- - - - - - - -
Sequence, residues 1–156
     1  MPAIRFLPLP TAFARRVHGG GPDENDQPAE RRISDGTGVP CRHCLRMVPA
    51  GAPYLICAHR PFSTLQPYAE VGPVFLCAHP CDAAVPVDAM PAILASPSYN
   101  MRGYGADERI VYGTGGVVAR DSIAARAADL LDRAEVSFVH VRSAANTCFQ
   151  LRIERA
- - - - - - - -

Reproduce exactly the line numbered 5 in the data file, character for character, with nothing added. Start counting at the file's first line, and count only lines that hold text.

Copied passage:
   151  LRIERA